We tend to discount the kind of “joy” which came from seeing Gary Sheffield instantly transmogrify his exaggerated and lazy-looking bat waggle into that ridiculously fast and powerful swing, a feat which seemed as impossible as it actually is every time it worked. That particular brand of joy, the astonishment of just how good these men actually are at playing baseball, is on evident display for even the worst player on a major league roster. It’s there every time anybody steps into a major league batter’s box or fields a major league ground ball without soiling themselves. That Gary Sheffield can, and did, immediately turn his bat from a silly Chinese yo-yo into a baseball-destroying weapon 509 times somehow doesn’t seem like that monumental of an achievement when stacked up against whatever prejudices might lead one to conclude that Gary Sheffield is also an asshole.

The kind of joy we tend to demand is a joy of goodness, as subject to ingrained Machiavellian morality and unfair hierarchy as any socially-defined good/bad value binary. In baseball, the joy we love most is the kind where a favorite player, one we actually like and care for because of his perceived goodness, pounds off the batter’s donut and steps to the plate in a big moment, and the people in the stands mutter to each other about his imminent success, even while knowing that baseball, like life itself, can be brutally difficult, and then when he does come through, everybody is especially happy because their love for what they know of the man allows the joy he creates to extend boundlessly in all directions; it is in fact a sort of self-reinforcing righteous joy, not just joy at a big hit for the home team or a public success for an admired figure, but a simultaneous confirmation of our own correctness and of joy’s utility and necessity in our own lives. David Ortiz has supplied us with a greater amount of this varietal, by far, than whatever nagging sour-graped “well actually” might serve to denigrate his essential goodness.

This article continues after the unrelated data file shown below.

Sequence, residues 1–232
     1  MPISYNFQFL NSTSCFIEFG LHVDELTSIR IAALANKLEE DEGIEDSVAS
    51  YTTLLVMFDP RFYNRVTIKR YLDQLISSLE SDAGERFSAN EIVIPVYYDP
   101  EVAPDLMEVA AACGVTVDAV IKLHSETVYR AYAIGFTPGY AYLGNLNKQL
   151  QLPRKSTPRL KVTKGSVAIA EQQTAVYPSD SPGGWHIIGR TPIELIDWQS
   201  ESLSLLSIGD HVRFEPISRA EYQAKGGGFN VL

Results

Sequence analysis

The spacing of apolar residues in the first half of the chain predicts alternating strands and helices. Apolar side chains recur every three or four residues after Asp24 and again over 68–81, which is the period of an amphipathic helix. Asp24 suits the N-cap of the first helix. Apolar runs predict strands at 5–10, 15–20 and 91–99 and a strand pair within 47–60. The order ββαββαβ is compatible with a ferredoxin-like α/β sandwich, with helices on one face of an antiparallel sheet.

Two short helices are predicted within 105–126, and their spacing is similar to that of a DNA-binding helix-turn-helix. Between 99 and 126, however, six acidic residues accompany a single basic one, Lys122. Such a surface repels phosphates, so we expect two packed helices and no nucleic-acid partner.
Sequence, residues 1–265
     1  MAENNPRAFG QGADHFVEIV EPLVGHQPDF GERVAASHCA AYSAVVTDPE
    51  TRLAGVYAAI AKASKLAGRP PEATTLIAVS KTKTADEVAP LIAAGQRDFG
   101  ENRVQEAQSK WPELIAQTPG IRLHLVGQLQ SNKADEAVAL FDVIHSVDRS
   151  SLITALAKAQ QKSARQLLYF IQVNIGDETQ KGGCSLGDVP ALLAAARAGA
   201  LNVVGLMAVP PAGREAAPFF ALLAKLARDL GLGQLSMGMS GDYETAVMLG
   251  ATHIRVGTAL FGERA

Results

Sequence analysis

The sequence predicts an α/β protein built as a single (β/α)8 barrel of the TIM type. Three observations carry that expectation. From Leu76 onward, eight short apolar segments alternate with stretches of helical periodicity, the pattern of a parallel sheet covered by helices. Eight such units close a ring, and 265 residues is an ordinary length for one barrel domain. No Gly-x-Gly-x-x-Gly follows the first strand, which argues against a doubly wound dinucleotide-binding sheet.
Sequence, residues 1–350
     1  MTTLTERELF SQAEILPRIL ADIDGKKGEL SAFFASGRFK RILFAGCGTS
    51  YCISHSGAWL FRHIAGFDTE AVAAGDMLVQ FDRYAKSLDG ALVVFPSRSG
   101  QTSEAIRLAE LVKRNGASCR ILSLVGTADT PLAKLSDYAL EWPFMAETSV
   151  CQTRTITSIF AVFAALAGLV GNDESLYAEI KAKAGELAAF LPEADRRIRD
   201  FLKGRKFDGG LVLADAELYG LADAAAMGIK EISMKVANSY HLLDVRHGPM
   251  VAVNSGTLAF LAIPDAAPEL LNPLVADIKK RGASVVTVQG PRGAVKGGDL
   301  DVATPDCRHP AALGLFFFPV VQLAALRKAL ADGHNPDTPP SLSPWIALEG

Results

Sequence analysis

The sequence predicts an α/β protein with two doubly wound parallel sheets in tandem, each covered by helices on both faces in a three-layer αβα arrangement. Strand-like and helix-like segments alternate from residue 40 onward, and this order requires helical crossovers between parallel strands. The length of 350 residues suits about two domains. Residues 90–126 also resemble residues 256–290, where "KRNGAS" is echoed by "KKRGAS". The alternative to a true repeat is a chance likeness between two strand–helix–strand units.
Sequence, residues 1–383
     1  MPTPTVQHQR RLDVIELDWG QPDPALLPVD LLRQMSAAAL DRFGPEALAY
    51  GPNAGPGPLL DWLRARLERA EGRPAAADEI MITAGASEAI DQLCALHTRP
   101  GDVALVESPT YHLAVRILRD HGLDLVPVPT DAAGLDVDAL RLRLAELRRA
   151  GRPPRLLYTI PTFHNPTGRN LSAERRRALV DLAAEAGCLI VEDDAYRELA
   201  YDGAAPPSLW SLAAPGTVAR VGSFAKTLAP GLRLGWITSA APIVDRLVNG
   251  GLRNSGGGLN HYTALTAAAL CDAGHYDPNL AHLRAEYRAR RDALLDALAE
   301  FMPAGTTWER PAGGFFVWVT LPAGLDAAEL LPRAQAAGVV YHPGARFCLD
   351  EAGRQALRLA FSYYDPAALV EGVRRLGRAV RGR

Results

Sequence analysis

But let’s not kid ourselves: this kind of joy is a very tall order. It’s rare and precious, and we shouldn’t treat it like some default setting we are entitled to. Regular how’d-they-do-that joy is still joy. Barry Bonds on steroids being better at baseball than is actually humanly possible, breaking the baseball meter and showing us what that would look like and even why it might be bad; “bad” as in “bad motherfucker” joy is still joy. Joy is good. Joy itself is righteous. You are allowed to feel as much of it as you want, and you don’t have to listen to anybody who would tell you not to feel it just because Sammy Sosa is some slick, cheating, corny weirdo trying to look like Perry Como, or Livan Hernandez is technically, in a baseball sense, not worthy of the Hall of Fame. Joy need not be quantified. You’re allowed as much of it as you can get. You don’t need an association of baseball writers or a building with plaques in it to help you with that.

I wouldn’t know this, but I’d assume it is very difficult, even loaded to the gills on steroids, to hit 500 home runs. It is an accomplishment that means something similar in degree if not in kind for both David Ortiz and Raphael Palmeiro. That Ortiz has along the way provided us with a joy that seems markedly different from the “less” or “less purely” joyous men who have also hit 500 homers and also been linked to PEDs shouldn’t make Ortiz any greater or those others any less. It should only make us question ourselves, and our demands, and the needless ways we qualify and quantify that small but vitally important amount of joy which we are all allotted. At the very least, we should chafe at the sort of pettiness that would throw up traffic cones and charts in order to profitably claim responsibility for joy’s proper apportionment. Enjoying David Ortiz, which we all should, means an examination of how and why we routinely exclude other people from our enjoyment. That’s one of the best and most good things about him. That and all the home runs.

And if we absolutely positively have to have a Hall of Fame and have to take it seriously and have to give a shit about every little steroid hint, then let’s put Fred McGriff and Tim Raines in there. I mean, Holy Crap, guys. Let’s do one thing right.